LONDON – Apple and Amazon have taken a more collaborative approach recently, announcing a number of deals since late 2017. However, this does not amount to a full-blown, long-term partnership between the two. That’s according to a new report published by UK-based media analysis firm, Enders Analysis, released Thursday.
One of the paper’s authors, Matti Littunen, told TMO that the two firms had dialed down the animosity in recent times because their “priorities have changed”. He added: “Some of the areas where they were fierce competitors have either become less important to the companies or they’ve been willing to let those areas of their business take a backseat and focus on what really matters.”
Mr. Littunen said the warmer relationship in some areas means Amazon can focus on beating Google in the connected home arena. He added that the tie-ups mean Amazon could also focus on “improving the reach of prime video, and therefore the prime subscription in general, in Apple households.” He also thinks that “there will be more and more of these sorts of integrations,” which will continue “as Apple expand their content offerings in media.”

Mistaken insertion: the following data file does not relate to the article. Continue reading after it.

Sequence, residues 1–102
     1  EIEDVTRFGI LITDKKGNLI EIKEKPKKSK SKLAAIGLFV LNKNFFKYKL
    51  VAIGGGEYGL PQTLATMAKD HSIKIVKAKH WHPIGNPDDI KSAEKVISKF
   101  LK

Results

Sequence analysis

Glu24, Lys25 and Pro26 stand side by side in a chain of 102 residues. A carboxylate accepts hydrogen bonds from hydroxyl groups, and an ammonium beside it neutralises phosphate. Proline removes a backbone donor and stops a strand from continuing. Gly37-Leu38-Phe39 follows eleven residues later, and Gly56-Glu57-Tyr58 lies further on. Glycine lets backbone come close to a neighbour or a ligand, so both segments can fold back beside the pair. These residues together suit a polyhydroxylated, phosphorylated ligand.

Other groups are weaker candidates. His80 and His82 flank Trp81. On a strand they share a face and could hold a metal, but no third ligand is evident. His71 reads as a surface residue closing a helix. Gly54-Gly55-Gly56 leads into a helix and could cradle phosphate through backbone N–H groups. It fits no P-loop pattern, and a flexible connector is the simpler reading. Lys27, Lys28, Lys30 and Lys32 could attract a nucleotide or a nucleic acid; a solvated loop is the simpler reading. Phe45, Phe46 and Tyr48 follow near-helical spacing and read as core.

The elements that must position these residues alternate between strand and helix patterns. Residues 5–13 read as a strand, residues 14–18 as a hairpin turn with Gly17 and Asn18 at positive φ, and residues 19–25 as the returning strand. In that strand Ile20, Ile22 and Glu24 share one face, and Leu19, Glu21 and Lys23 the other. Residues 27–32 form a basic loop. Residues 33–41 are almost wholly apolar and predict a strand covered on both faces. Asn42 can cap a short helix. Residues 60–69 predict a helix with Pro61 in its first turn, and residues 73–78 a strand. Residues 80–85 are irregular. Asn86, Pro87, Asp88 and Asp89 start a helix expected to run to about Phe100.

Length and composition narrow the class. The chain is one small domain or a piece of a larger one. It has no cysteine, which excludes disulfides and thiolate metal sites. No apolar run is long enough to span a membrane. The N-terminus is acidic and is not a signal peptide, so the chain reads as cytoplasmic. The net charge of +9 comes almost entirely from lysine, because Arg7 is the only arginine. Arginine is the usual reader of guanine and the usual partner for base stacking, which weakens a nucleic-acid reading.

While there has been much talk of iPhone sales numbers recently, Mr. Littunen said that Apple had also realized that products like the Apple TV and HomePod “will remain sub-scale.” This obviously has a negative impact on services growth in areas connected with those products too. Consequently, Apple realized it was going to have reduce the barriers to those services, and put them on other devices and platform. This became clearer at CES 2019 when a number of firms announced integration with Airplay 2 and HomeKit.
A Pause, Not an End, to Hostilities
It is easy to get ahead of ourselves in conversations like this. Services remain a very small part of Apple’s overall revenue. Furthermore, just because there has been a detente between Amazon and Apple in some areas, that doesn’t mean it covers everything. Mr. Littunen noted that the two companies remain fierce rivals in the e-books market, for instance.
The current peace in selected fields is certainly not permanent either. “We could easily, in a couple of years time find ourselves back in a situation where they start making big competitive moves against each other again,” Mr. Littunen concluded.